8 Key Factors to Consider When Buying a Single Tenant Property | Michael McVinney
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8 Key Factors to Consider When Buying a Single Tenant Property

This post originally appeared on tBL member  Progressive REP Blog and is republished with permission. Find out how to syndicate your content with theBrokerList.

8 Factors to Consider When Buying a Single Tenant PropertyThe single tenant retail market is still exceptionally strong as maturing investors continue to sell more labor intensive properties and search for simplicity while deferring substantial capital gains. At Progressive Real Estate Partners, we have had a lot of success both selling some of these more intensive properties and helping our clients exchange into single tenant properties, as well as listing single tenant properties and selling them to 1031 exchange buyers.

Ideally, a sophisticated investor is able to find some level of imperfection in the market and thus achieve a higher yield compared to the risk of the specific single tenant property. There is no perfect property. There are always trade-offs. To help investors examine the risks and rewards of single tenant retail properties, I have put together this list of considerations:

  1. Who is the Tenant: If you look at three properties that are all, for example, doing business as Popeyes Louisiana Kitchen, this does not mean you are getting the same financial security. An investor needs to determine whether the site is corporately owned, a franchisee with many locations or a franchisee with only one or two stores. Some corporate tenants even set up separate entities from state to state so the California entity may be different than the Florida entity. It is critical to dig as deep as possible to understand the financial security that the tenant signature provides. This is why sites that are owned by publicly traded companies (with financials posted online) that have strong financials trade for the lowest cap rates. The transparency is very valuable.
  2. Lease Term: The only security that a buyer has is the length of the existing lease. Generally the longer the lease the better because the investor will hopefully not have to deal with the potential re-tenanting of the property. Although I hate to say this, the reality is that I have seen many investors in their 70’s have the attitude that if they buy a 15 year lease either they may not be alive by the end of the lease to deal with the potential problem OR if they have to deal with re-tenanting at lease expiration they are less likely to care. I see this psychology all the time between a lease that has 9 years left vs. 14 years. That extra 5 years matters a lot to many investors.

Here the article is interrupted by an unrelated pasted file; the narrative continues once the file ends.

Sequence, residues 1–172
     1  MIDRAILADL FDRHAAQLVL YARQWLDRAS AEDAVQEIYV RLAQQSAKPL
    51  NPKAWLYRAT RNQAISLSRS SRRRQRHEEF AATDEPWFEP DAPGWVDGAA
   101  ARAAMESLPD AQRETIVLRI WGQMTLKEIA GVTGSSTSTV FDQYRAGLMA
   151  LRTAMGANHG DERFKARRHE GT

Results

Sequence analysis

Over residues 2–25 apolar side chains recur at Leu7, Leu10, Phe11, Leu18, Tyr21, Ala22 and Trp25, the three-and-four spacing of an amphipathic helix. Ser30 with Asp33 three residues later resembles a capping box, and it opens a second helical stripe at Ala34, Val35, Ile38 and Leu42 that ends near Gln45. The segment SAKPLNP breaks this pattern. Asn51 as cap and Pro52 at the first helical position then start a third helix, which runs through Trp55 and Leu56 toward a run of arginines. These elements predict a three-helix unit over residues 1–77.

3. Location: Busy intersection? Growing community? Good access? Good visibility? Good co-tenancy in the immediate trade area? These are just some of the factors when evaluating a location. The objective is to determine whether the location will support the tenant’s business and, if for some reason, you get the building back, will the location be suitable for replacement tenants. I very much believe that every single tenant investor should personally see the real estate they are buying. If you are fortunate, the site will look just as you suspected when you viewed it on Google Maps.  If not, you may find for example that the property sits on a hill and isn’t visible from the street or the grocery store anchor that the property fronts is actually closed. Unless you have so much money and so much real estate that making a mistake just does not matter that much to you, make sure you visit the real estate during due diligence.
  4. Current Rent vs. Market Rent: Most single tenant retail buildings that are on the market are paying above market rent. But how could this be, especially if the property was just built. Wouldn’t the rent the tenant is paying have to be market? The reality is that when, for example, a Starbucks, or Panera Bread or AutoZone wants to be at a site, they will generally pay a premium so that the developer can afford to build the location. Also, substantial improvements to the building are frequently specific to the individual tenant and these improvements would not be of value to a future tenant and therefore a future tenant would not pay the same rent as the current tenant. Also, if the existing tenant fails at the site, there could easily be something wrong with the site which is why the next tenant will not pay as much. Some investors will only buy a site that has existed for many years and has a current rent that is market. But that could easily result in the investor buying an older building with a shorter lease term than if they purchased a new building. As I said above, there are constant tradeoffs. The hope for the investor buying the newer building with the above market lease rate is that the tenant will succeed and over time, the market will grow into the lease rate so if they did leave after 15 or 20 years, the rent would be replaceable.